The COVID-19 pandemic is affecting the sexual and reproductive health of adolescents and young adults because of social distancing as well as limited access to contraceptive and abortion care, according to a sexual and reproductive health researcher at the Rutgers School of Public Health who recently published an article on the topic.
Leslie Kantor, a professor and chair of the Rutgers Department of Urban Global Public Health, addresses how these challenges, as well as peer and romantic relationships, are being navigated.
How has the pandemic changed adolescent and young adults’ relationships?
There have been huge changes for adolescents and young adults, including school closures, potentially much more time with family, the interruption of the normal trajectory toward increased independence and, for many, very limited or no physical proximity to sexual and romantic partners.
Why is sexual and reproductive care for adolescents and young adults important during a pandemic?
Even though the pandemic may lead to less opportunities for sex for some young people, disruptions in access to contraception and abortion can be extremely problematic for adolescents and young adults who are still able to be physically close to their partners during the pandemic. The good news is that some services, including obtaining many forms of contraception and receiving testing and treatment for sexually transmitted diseases can be handled through telemedicine. If telemedicine remains as widely available as it has been during the coronavirus pandemic, access to sexual and reproductive health care may actually improve for young people. However, we know that lack of privacy and confidentiality, which many adolescents and young adults are experiencing while living at home with family, can also hinder the ability to get necessary sexual and reproductive healthcare.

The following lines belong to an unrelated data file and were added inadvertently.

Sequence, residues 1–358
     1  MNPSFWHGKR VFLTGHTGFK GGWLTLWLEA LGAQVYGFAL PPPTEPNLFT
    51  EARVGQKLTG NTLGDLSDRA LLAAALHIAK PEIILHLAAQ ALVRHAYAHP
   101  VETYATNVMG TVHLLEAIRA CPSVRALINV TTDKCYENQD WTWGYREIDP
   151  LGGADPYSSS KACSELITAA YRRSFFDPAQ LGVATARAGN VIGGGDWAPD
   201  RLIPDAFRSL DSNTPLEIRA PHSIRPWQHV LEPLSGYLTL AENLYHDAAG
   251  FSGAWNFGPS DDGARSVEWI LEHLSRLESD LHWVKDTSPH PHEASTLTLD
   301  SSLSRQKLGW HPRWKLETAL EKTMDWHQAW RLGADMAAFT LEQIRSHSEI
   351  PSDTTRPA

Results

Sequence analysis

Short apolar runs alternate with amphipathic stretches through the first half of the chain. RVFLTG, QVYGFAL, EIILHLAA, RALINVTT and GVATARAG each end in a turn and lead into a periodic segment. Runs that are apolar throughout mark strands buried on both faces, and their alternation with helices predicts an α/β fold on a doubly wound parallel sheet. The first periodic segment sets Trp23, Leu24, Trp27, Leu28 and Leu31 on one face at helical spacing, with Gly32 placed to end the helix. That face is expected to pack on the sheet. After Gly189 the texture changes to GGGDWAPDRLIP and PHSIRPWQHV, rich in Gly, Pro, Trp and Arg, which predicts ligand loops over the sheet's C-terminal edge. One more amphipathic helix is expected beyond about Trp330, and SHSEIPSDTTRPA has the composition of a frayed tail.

Are fewer young people being tested for sexually transmitted infections or seeking abortion care?
We do not have a lot of data specifically on young people. But many states have tried to restrict abortion access by arguing it is not an essential service despite the fact that abortion clearly is essential and needs to be timely. There have been very concerning declines in vaccinations for all children older than age 2 and the use of the HPV vaccine, which prevents cancer-causing infections and pre-cancers, has plummeted.
How have LGBTQ youth been impacted?
Fortunately, many LGBTQ centers quickly moved support groups and other services online. Services such as QChat Space were already using digital platforms to convene and offer support to LGBTQ youth. However, for some youth whose families are less accepting, being quarantined for months can lead to significant tensions and confidentiality concerns, which could make LGBTQ youth more isolated.
How does the social disruption resulting from the pandemic affect young adults’ sense of health and well-being?
One positive aspect is that young adults are digital natives familiar with online platforms and social media. However, maintaining relationships with friends and romantic partners at a distance can be challenging. Young people are supposed to be gaining independence at this time in life, so for those who have had to return home after a period of being away, that may be particularly challenging.
This story was originally published by Rutgers University.